Form and Content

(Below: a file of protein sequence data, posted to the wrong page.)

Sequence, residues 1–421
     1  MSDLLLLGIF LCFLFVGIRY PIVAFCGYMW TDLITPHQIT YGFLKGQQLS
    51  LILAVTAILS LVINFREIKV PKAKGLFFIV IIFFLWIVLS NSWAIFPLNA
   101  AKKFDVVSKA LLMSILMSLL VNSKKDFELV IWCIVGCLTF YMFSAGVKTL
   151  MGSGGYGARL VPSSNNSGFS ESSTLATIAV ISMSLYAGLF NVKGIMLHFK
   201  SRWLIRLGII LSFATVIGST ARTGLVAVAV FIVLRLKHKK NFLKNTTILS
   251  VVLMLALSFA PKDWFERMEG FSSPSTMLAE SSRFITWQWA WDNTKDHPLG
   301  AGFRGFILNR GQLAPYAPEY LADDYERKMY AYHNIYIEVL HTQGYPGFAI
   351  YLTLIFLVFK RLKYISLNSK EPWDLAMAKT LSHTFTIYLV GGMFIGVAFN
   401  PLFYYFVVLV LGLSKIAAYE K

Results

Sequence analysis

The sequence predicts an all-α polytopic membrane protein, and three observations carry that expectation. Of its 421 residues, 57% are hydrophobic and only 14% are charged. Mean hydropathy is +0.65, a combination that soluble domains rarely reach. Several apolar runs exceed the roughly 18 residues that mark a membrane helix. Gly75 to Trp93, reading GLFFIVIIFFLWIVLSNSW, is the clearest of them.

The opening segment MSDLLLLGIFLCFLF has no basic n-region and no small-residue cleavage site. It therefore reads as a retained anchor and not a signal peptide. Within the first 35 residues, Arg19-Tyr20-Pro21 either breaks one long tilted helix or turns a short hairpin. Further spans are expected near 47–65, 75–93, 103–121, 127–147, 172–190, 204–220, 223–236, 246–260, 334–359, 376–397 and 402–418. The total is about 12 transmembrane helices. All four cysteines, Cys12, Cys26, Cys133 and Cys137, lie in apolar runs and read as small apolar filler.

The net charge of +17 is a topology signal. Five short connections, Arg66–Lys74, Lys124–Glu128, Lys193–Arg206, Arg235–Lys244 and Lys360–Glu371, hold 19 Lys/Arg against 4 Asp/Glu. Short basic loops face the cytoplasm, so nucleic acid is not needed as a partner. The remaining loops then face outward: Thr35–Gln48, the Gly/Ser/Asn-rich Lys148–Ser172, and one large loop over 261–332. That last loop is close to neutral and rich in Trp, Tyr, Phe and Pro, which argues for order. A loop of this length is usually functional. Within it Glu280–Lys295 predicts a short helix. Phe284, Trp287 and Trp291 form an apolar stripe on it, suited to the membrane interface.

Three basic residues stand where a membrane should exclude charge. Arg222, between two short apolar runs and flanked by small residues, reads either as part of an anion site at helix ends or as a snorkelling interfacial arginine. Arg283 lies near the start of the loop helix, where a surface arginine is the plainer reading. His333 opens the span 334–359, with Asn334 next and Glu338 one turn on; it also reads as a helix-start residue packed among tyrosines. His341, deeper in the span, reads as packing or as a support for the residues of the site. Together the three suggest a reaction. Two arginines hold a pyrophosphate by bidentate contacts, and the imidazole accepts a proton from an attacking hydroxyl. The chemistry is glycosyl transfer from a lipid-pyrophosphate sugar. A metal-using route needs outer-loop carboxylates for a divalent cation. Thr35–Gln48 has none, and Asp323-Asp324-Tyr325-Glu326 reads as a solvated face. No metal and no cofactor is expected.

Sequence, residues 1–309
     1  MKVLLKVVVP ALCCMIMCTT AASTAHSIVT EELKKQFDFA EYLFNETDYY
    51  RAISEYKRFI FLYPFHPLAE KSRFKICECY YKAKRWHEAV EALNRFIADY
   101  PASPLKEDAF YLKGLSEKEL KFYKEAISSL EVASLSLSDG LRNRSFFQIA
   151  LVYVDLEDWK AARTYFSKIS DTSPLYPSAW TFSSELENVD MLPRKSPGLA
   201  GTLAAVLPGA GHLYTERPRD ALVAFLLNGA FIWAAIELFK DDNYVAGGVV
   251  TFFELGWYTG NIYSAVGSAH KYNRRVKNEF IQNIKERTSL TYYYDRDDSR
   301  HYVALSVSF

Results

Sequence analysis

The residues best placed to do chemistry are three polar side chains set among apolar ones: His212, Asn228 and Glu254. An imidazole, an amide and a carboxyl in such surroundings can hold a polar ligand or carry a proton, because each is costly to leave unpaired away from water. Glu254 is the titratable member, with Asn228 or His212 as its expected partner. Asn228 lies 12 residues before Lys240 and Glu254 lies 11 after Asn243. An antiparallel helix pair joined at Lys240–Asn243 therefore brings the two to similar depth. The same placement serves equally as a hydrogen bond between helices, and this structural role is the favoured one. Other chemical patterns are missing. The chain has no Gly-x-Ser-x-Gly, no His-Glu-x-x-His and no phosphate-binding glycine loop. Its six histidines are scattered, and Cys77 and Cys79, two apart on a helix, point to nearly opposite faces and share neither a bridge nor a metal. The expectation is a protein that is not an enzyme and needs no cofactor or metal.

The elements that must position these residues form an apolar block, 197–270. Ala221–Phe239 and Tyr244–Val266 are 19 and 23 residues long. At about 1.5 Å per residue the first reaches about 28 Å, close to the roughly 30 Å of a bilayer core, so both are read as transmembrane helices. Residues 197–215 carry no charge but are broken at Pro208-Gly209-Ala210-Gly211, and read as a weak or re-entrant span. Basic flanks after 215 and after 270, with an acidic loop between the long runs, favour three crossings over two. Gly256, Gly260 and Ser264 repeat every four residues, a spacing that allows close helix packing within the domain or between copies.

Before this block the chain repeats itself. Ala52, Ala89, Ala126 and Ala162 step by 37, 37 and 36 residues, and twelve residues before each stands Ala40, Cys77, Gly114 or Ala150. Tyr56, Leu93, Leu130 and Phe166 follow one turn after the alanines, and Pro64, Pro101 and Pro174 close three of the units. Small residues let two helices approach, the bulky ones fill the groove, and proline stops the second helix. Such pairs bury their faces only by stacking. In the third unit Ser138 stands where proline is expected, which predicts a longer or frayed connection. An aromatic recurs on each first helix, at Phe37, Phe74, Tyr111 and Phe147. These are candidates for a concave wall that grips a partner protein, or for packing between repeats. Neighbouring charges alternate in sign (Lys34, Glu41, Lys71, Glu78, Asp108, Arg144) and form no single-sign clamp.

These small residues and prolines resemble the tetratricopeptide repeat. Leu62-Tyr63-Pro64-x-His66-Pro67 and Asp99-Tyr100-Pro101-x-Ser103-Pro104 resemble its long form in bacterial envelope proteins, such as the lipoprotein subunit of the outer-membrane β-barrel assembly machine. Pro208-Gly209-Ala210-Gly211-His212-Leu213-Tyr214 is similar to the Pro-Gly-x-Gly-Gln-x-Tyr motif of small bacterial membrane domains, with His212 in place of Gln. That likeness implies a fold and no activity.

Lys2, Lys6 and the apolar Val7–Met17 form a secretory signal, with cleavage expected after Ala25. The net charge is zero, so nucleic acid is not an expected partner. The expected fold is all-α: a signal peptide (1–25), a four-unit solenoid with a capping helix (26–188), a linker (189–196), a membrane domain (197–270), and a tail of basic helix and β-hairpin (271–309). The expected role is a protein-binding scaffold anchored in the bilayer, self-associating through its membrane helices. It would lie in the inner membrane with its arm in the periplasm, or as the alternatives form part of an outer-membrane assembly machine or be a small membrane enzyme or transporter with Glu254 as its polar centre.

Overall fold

It seemed necessary at the beginning of this year-long project to create a structure that I could keep coming back to and operate within. This structure manifests itself in certain constraints as to content and form. The constraint as to content is straightforward. What I do, each morning, is take a book from my collection, more or less at random, open to page 52, and copy line 5 or the useable part of line 5: this becomes the first line of my poem. Sometimes it suggests pretty strongly what my poem is going to be about, but sometimes it’s a mere hint. I always think of it an opening, a suggestion, a starting point.The constraint as to form is threefold. Each stanza has 3 lines, a tercet. The number of stanzas has to be between 5 and 12, to fit on a single page. The last word of the third line of each stanza rhymes with the last word of the second line of the following stanza. Lines can be long or short, as fits the subject and the mood. I like working within these constraints not just for the comfort of having a structure to work with, but also because I’m forced to find words that I would never think of otherwise. And with the words come images, stories, music that I would never have occurred to me, consciously. So much of what I write comes from the unconscious and has to feel right to the unconscious mind. And I’m discovering that around midnight is when it comes most freely. And it’s also when I’m less likely to try to force things to fit the structure.

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